The Market for Corporate Control (Including Takeovers)
58 Pages Posted: 30 Apr 1998
Date Written: March 18, 1998
Mergers, acquisitions and takeovers often imply dramatic changes for employees, competitors, customers and suppliers. Not surprisingly, the market for corporate control has generated controversy and is frequently regulated by law or business custom. Though transfers of control take place in many countries, explicit and public struggles for control occur most frequently in the U.S. and U.K. During most of the 20th century, critics of mergers and acquisitions in the U.S. pointed to the danger of monopoly and increased concentration. Partly in response to the emergence of new control transactions such as the hostile takeover and leveraged buyout, more recent criticism has focused on the consequences for corporate productivity, profitability and employee welfare. Subject to qualifications, the market for corporate control reallocates productive assets ? in the form of going concerns ? to the highest bidder. In cases where the bidder uses his own money or acts on behalf of the bidding firm1s shareholders, the asset goes to the highest value use. In cases where managers of the bidding firm are able to serve their own interests rather than the interests of shareholders, the market for corporate control plays a paradoxical role. It simultaneously provides (1) a means by which managers may acquire companies using other people's money and (2) a means by which they may themselves be disciplined or displaced.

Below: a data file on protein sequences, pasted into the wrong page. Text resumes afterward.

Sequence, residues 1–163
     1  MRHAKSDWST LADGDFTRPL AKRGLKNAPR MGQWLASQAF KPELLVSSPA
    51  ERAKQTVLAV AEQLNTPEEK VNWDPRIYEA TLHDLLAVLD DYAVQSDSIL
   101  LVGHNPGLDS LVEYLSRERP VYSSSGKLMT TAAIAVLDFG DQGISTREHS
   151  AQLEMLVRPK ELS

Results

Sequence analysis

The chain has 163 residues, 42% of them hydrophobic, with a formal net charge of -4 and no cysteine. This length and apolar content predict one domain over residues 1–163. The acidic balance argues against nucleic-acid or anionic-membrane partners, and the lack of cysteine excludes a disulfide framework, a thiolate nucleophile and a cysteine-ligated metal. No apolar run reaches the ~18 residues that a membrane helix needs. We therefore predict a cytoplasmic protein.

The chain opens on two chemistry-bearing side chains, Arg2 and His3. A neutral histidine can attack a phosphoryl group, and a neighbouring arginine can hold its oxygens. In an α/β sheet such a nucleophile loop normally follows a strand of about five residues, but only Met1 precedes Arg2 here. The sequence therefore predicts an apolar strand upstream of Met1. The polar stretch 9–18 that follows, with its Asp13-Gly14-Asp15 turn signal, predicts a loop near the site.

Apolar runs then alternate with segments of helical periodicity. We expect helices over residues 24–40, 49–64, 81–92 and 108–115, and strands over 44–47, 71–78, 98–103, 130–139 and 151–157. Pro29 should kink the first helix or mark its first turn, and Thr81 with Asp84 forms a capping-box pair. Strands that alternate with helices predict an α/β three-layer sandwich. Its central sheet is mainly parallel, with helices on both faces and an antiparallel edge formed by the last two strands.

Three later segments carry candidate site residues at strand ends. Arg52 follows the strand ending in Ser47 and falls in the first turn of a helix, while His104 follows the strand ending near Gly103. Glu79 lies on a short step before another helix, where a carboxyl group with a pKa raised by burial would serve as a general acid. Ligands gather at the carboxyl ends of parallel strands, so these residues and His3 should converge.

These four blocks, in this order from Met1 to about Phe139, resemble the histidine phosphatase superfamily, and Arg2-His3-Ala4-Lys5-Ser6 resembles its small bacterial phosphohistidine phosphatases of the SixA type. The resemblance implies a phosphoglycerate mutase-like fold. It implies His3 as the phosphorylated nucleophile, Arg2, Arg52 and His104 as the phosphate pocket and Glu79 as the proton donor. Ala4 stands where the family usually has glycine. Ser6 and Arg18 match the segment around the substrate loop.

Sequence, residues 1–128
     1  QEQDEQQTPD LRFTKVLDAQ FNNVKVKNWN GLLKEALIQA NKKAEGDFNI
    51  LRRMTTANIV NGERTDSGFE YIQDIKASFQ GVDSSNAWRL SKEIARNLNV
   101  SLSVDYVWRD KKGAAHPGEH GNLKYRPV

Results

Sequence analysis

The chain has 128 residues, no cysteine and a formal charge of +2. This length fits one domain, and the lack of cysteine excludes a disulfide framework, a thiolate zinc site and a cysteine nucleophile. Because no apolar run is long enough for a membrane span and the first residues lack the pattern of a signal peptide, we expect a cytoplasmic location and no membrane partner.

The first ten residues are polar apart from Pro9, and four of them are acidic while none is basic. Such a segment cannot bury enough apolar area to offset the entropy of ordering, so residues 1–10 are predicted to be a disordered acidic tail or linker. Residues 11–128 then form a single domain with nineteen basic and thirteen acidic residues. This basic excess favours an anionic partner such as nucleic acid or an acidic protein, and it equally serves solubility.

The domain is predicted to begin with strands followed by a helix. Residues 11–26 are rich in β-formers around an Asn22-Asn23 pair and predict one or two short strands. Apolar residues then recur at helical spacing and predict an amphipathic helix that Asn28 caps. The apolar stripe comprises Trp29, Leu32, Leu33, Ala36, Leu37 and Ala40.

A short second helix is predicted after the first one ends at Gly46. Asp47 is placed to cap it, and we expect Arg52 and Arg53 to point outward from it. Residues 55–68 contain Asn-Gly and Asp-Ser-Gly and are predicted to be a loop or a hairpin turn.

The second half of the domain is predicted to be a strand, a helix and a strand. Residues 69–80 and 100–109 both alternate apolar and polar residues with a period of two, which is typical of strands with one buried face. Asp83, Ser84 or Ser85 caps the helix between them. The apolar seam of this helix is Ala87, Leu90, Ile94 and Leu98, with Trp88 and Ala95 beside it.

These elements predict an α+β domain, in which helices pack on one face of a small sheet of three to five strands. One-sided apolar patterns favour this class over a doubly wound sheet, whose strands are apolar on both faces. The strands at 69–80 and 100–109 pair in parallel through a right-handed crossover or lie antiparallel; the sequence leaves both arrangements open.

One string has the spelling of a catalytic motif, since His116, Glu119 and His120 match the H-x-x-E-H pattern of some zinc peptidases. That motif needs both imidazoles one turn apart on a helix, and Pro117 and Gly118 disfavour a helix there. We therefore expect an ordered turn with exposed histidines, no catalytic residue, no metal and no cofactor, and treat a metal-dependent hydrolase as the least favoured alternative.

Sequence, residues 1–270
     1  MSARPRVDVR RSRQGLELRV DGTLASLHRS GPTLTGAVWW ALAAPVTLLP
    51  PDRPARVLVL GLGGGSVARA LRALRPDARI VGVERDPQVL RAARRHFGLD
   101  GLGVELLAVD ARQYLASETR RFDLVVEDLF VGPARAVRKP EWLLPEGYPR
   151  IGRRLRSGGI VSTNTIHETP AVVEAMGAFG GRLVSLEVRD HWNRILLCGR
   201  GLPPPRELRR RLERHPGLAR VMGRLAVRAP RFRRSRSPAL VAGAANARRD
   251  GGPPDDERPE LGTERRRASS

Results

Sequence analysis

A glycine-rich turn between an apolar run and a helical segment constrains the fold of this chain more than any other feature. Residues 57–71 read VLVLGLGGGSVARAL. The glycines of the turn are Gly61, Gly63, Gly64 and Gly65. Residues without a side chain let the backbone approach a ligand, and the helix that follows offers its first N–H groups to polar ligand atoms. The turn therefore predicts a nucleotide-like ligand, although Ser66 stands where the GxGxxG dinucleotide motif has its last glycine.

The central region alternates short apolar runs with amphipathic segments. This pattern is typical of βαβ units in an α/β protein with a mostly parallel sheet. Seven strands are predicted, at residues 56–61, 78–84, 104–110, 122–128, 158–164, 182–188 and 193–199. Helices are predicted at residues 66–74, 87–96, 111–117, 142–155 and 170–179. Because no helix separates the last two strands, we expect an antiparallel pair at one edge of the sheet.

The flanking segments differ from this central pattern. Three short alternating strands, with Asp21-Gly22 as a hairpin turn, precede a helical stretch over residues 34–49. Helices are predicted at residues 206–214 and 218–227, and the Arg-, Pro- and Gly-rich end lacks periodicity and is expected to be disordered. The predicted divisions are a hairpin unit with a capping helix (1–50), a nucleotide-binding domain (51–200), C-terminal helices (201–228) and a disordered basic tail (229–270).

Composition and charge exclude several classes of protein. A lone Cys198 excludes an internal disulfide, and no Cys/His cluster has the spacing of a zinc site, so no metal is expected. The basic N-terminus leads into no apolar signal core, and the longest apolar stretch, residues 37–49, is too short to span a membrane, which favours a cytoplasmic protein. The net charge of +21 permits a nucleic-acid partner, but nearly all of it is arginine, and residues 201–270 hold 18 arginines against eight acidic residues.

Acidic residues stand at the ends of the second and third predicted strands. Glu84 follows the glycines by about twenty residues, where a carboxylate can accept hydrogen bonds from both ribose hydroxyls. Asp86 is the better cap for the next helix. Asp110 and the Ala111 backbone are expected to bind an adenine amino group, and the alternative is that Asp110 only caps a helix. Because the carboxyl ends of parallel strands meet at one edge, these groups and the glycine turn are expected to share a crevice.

JEL Classification: G30, K2, L2, L4, L5
Suggested Citation: Suggested Citation